In the example in FIG. 3, energy consumption 3 a may be thought of in terms of energy consumption while awake 3 aa and energy consumption during sleep 3 ab. Input into the activity consumption 3 a are resources 5 which can be fat 5 a and genetics 5 b. Input into activity 3 a, specifically energy consumption while awake 3 aa, is another activity namely, exercise 3 b. Exercise 3 b may be thought of in terms of types of exercises 3 ba–bd. Another activity which is input into energy consumption 3 a, specifically energy consumption 3 aa, is normal movement or normal activity 3 c.

Controls 7 which are actively studied in a typical human energy consumption system are a diet schedule 7 a and an exercise schedule 7 b. Input into system 1 is the input entity food 9 which can be thought of in terms of three meals 9 a–c. Input entity food 9 will result in an output entity (not shown) that is not important in this particular system 1.

It is easy to understand the measurement methodology system 1 of FIG. 3 namely the energy consumption in the human body. For example, diet schedule 7 a can be measured in terms of calories. Exercise schedule 7 b can be measured in terms of time. The activity energy consumption 3 a itself may be measured in terms of weight, namely as energy consumption increases more of the resource fat 5 a is consumed, if input entity food 9 remains constant. The activity exercise can be measured in terms of time or distance in the performance of exercise 3 ba–bd. The activity of normal movement 3 c can be measured in terms of time walking or time each day spent awake. Input entity food 9 can be measured in terms of calories or food groups for each meal 9 a–c.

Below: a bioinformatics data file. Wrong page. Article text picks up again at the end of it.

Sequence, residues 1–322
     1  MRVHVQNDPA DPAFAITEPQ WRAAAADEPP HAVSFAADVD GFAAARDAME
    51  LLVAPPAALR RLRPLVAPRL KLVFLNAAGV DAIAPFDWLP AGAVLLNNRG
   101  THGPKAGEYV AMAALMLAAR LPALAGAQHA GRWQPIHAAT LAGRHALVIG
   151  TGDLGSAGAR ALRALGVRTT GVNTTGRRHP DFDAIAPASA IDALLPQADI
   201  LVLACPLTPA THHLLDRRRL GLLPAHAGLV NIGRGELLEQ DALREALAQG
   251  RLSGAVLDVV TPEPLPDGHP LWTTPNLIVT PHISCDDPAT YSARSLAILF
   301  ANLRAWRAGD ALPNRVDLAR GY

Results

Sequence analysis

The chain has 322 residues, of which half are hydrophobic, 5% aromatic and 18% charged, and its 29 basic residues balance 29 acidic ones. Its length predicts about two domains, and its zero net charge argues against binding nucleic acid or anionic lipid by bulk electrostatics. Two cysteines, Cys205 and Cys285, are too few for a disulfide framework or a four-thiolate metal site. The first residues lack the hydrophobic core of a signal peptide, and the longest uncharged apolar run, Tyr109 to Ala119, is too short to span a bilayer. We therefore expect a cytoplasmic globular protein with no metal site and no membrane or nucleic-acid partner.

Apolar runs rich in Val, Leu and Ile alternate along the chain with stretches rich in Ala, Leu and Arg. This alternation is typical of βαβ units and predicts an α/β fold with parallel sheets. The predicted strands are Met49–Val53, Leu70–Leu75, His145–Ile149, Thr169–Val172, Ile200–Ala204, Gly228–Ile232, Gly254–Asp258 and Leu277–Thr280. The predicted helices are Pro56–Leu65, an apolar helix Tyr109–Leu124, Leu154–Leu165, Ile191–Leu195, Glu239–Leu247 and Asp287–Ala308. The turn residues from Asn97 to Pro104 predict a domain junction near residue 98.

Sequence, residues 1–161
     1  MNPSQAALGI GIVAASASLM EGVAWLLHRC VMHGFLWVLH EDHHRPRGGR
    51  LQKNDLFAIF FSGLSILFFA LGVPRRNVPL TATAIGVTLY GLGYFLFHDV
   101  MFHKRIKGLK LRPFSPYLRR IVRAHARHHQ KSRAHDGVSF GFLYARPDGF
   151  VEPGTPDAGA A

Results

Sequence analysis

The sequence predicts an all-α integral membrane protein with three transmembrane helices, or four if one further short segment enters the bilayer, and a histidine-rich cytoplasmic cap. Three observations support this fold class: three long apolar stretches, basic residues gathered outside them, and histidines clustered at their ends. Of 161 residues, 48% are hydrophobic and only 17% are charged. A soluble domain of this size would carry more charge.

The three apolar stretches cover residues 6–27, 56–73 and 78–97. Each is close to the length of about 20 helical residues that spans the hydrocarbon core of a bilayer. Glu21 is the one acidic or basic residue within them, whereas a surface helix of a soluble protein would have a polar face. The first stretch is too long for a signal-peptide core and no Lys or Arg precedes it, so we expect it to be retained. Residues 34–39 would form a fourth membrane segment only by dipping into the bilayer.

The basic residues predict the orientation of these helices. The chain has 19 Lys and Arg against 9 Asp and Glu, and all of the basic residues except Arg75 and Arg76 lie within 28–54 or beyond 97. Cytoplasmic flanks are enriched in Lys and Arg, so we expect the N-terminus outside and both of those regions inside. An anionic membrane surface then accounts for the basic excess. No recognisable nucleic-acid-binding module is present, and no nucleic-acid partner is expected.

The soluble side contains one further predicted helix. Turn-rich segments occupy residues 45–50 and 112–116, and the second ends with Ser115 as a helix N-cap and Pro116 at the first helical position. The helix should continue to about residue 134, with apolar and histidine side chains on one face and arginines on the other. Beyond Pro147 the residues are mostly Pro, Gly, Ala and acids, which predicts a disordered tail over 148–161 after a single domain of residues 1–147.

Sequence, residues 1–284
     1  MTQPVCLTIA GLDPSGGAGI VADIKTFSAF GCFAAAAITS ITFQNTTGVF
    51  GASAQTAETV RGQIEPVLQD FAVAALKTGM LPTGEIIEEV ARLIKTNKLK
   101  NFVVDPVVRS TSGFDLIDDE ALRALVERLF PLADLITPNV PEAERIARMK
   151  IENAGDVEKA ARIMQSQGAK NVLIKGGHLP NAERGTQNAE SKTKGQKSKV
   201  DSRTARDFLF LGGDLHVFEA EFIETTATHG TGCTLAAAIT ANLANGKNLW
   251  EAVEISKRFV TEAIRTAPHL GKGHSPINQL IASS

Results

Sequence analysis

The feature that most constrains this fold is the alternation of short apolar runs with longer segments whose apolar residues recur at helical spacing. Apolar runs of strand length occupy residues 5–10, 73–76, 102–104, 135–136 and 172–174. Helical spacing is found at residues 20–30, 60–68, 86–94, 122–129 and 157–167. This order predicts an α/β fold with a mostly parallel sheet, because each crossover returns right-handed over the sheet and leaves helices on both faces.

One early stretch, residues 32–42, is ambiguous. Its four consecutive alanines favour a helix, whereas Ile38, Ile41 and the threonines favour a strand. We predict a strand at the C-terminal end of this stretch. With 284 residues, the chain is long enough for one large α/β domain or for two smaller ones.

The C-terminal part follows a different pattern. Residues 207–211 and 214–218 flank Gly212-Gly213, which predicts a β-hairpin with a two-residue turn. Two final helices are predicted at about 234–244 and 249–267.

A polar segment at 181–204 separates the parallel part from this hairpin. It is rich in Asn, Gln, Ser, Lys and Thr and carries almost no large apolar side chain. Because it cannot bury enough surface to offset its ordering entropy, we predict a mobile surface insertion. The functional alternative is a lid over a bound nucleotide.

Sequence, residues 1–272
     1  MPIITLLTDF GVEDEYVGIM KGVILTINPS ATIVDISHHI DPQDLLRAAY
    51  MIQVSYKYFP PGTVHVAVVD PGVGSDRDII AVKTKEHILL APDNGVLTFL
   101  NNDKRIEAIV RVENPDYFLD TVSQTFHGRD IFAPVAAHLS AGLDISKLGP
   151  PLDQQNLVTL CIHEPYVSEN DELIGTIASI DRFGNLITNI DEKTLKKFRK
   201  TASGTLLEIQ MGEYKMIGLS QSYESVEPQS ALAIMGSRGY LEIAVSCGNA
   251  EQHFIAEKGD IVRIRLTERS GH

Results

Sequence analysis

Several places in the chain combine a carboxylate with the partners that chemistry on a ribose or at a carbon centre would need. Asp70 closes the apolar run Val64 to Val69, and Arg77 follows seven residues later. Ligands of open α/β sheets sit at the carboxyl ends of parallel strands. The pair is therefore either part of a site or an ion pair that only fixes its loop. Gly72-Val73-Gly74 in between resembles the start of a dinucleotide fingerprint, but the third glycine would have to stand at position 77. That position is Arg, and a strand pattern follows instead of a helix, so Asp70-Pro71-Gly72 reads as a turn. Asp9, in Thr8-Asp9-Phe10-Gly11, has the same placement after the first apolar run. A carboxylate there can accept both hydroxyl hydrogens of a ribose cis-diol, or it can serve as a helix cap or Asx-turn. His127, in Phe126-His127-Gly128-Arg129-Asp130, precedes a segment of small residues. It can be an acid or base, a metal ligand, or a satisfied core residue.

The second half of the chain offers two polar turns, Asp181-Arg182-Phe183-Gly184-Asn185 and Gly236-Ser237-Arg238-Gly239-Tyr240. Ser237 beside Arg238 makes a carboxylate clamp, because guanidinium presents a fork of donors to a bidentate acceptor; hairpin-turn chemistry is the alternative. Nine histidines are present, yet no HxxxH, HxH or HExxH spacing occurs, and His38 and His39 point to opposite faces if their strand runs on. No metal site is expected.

Thus the system 1 of FIG. 3 illustrates the common elements associated with energy consumption 3 a and the common methods of measuring the elements. Each of the elements is broken down into sub-elements of which more detailed information is collected, as represented by the triangles within each other. In this system 1, input entity 9, resources 5, activity 3 b, activity 3 c and activity 3 a can be measured in terms of calories simply because each elements can be measured in terms of a caloric unit. A caloric unit of measurement is a very detailed level of information about a particular element such as activity exercise 3 b. Activity exercise 3 b can be measured or understood at a more general level than the caloric level, such as different types of activity exercises 3 b, which may be more effective information for a person trying to understand his or her personal energy consumption.

Knowledge of the system in terms of calories may not be information which is relevant toward improving personal energy consumption. Certainly, calorie consumption versus time gives one historical information about energy consumption over a period of time. However, to specifically improve energy consumption, time and calories does not necessary provide information for directly affecting energy consumption by improving energy consumption in one's daily life.

In other words, by equating resources, activities, and entities in terms of calories, one may only learn differences among the elements. As shown in FIG. 4 measuring the elements involved in the energy consumption system gives one a view such as that diagramed in FIG. 4. FIG. 4 shows energy consumption activity 3 a being related to input entity 9, resources 5, activity 3 b, activity 3 c and control 7. If the elements were measured in terms of calories, FIG. 4 would show the differences among the elements in terms of calories. To obtain information relevant to the controls, specifically diet schedule 7 a, the information would need to correlated in some manner, for example in a manner as relevant to time. As shown in FIG. 4, if the elements were defined in terms of calories, mere differences among the elements do not indicate a proportional relationship among the elements, in terms of the direct effect of each element on activity 3 a. While more energy may be consumed by exercise than by normal movement, normal movement is fundamental to the human system. Therefore, one would not necessarily decide to decrease the amount of normal movement because less energy is consumed in terms of calories.